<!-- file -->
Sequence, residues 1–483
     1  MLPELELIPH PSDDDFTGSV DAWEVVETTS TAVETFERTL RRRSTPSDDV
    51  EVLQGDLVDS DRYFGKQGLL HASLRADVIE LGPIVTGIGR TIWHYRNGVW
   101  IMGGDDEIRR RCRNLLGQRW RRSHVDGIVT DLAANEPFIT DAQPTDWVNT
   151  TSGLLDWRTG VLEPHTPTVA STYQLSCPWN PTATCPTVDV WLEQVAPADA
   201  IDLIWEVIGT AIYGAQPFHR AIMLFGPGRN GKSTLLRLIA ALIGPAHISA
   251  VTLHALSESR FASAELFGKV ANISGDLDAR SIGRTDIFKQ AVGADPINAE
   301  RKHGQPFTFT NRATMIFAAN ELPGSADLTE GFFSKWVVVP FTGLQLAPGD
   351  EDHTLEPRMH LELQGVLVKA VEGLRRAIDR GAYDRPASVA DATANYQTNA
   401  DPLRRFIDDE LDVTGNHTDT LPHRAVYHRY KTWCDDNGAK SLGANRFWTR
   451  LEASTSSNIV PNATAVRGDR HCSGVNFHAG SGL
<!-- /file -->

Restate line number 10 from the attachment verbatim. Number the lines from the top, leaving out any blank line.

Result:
   401  DPLRRFIDDE LDVTGNHTDT LPHRAVYHRY KTWCDDNGAK SLGANRFWTR